It is believed that due to their proximity to a necropolis the rock-cut chambers could have a religious significance.
A team from the archaeological survey mission operating in the desert plateau region, west of Abidos (Upper Egypt), revealed a group of openings distributed on the elevated side of a cliff.
Dr. Mustafa Waziri, Secretary General of the Supreme Council of Antiquities, explained that these openings are located in the area of the sacred valley south of the royal cemetery at Umm al-Qa’ab, and their antiquity would date back to the Ptolemaic era (323 -30 BC).
Upon close examination, these entrances were found to lead to chambers cut into the rock, no more than 1.20 meters high, and most ranging from one to two rooms — though there are some with three and another group consisting of five rooms connected to each other through narrow slits cut through the rock walls that separate them.
Mohamed Abdel-Badi, head of the Upper Egypt Central Antiquities Department and head of the mission, said these rooms are undecorated and are located on deep vertical wells attached to natural water tunnels.
Likewise, the expert explained that many of them contain ceramic fragments, benches, terraces, a series of sunken circles or cut niches in the floor, in addition to a series of small holes in the walls directly under the ceiling, and holes or handles near from the entrance openings, where ropes were probably hooked.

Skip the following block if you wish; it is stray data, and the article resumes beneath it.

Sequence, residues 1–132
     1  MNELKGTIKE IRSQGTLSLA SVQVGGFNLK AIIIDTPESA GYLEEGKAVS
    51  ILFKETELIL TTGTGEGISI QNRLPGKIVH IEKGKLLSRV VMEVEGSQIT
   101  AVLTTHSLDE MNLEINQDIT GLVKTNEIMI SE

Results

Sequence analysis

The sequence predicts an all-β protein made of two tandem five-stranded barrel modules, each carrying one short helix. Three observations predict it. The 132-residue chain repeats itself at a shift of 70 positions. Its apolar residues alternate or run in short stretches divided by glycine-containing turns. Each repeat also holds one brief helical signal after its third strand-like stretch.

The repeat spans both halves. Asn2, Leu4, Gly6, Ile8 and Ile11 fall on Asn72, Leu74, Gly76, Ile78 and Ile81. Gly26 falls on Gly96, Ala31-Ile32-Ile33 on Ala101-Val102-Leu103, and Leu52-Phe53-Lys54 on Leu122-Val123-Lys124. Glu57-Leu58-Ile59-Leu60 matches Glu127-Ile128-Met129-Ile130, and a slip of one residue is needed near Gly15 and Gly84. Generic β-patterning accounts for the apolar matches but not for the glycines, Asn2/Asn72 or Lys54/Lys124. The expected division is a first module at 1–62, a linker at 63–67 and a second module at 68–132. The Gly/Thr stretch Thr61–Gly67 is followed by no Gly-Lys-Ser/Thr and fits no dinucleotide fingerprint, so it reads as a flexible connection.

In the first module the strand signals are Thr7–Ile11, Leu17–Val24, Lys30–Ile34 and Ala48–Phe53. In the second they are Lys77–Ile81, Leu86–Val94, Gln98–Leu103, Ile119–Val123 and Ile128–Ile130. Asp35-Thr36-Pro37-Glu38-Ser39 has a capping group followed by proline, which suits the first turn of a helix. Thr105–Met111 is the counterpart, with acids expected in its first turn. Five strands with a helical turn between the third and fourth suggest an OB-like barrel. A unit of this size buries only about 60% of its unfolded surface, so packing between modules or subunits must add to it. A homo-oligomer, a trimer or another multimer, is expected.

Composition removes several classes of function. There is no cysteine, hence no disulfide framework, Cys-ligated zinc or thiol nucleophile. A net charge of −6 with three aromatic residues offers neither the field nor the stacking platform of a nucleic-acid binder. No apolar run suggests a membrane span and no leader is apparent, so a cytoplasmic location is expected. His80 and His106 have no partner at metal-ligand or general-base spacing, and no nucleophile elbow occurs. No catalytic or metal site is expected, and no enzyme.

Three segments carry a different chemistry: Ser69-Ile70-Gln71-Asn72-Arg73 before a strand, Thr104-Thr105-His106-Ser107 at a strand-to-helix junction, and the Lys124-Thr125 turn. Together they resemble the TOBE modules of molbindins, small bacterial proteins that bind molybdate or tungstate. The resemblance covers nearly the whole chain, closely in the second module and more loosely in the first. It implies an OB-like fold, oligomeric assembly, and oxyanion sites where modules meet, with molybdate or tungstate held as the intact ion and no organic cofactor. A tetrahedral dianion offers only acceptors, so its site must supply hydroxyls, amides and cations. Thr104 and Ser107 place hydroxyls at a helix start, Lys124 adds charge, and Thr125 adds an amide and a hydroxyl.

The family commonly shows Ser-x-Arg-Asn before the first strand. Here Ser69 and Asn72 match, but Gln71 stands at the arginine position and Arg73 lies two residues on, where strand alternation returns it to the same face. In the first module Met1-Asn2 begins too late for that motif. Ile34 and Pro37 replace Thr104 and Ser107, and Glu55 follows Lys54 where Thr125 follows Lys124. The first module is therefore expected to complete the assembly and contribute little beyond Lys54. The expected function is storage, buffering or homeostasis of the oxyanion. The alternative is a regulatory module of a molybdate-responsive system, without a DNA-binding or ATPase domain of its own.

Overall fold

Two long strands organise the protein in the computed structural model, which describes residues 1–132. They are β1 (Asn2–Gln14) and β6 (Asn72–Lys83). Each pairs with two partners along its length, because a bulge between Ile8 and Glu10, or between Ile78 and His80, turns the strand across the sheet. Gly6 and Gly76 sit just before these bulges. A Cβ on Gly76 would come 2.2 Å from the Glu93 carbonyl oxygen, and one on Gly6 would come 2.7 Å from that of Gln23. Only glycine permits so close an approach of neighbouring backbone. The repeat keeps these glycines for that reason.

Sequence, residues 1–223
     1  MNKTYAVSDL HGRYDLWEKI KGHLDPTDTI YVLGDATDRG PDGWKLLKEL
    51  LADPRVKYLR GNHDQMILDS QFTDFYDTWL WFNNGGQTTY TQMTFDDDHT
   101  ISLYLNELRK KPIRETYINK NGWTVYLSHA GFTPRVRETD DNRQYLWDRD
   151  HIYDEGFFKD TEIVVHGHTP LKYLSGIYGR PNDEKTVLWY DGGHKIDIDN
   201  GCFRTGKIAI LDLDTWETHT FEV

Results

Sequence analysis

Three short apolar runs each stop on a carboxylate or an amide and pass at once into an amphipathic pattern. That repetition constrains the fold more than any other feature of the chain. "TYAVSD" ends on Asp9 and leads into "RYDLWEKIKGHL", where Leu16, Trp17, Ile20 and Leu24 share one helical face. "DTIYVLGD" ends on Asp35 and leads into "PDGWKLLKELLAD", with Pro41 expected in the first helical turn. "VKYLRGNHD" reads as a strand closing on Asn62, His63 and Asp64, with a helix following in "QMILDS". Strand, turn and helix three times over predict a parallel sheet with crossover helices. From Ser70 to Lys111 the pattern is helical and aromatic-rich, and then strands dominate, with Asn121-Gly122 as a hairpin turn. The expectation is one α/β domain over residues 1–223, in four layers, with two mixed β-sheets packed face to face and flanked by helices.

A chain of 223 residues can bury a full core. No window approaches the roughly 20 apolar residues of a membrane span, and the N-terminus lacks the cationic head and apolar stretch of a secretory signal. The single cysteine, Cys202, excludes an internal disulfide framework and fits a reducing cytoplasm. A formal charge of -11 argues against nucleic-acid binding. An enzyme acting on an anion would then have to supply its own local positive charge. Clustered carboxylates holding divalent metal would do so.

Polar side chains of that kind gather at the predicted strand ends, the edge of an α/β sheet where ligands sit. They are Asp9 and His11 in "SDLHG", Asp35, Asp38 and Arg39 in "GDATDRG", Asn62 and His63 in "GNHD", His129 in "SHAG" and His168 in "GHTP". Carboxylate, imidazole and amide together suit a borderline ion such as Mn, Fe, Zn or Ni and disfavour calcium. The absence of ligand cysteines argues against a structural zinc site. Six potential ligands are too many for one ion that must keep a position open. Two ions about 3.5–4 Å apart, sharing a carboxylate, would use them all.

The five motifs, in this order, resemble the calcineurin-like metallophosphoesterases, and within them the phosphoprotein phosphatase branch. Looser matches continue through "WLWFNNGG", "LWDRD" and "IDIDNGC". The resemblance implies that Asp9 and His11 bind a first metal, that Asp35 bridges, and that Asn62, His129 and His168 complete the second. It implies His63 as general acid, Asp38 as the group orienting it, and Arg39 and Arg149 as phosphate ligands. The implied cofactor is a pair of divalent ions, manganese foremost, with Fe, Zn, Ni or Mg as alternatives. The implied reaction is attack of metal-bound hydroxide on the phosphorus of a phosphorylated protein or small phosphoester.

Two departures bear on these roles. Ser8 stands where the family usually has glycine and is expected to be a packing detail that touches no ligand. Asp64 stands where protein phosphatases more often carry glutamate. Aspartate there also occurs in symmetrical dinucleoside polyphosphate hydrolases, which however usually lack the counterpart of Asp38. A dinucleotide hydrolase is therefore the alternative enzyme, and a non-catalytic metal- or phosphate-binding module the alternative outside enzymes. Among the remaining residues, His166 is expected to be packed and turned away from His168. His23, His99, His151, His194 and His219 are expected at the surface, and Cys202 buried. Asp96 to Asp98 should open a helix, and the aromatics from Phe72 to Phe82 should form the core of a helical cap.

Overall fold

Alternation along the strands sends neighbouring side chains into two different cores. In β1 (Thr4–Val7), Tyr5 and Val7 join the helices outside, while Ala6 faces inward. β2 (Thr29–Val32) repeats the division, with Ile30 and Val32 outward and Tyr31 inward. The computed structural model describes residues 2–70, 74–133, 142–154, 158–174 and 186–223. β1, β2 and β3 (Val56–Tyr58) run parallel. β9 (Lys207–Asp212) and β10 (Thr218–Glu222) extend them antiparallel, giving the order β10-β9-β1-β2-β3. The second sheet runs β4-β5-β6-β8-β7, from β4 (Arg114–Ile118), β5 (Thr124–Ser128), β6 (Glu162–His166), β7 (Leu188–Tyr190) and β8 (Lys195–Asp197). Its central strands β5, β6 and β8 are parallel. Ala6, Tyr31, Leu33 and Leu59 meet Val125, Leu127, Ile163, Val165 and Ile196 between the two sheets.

The team also found a room with inscriptions containing the following names: Khuusu-n-Hor, his mother Amenirdis, and grandmother Nes-Hor.
For his part, Dr. Matthew Adams, from the Institute of Fine Arts of the University of New York and co-director of the North Abidos Mission, said that these rock-cut chambers are not cemeteries, since there are no indications that any of them have been used. for burial.
However, its presence within the sacred valley south of the royal cemetery at Umm al-Qaab (which in ancient Egyptian thought was the path to the other world) and its location on a high and hardly accessible level of the cliff, could indicate that these constructions were of great religious importance.
Source: Ministry of Tourism and Antiquities .